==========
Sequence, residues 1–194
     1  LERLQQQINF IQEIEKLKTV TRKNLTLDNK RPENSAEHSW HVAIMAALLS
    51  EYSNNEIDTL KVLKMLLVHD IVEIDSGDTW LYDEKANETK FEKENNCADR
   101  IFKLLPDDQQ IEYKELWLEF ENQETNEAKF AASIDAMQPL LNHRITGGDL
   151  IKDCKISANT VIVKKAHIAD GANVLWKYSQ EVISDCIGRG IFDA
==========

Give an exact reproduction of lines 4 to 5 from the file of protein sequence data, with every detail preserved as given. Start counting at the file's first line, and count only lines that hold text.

   101  IFKLLPDDQQ IEYKELWLEF ENQETNEAKF AASIDAMQPL LNHRITGGDL
   151  IKDCKISANT VIVKKAHIAD GANVLWKYSQ EVISDCIGRG IFDA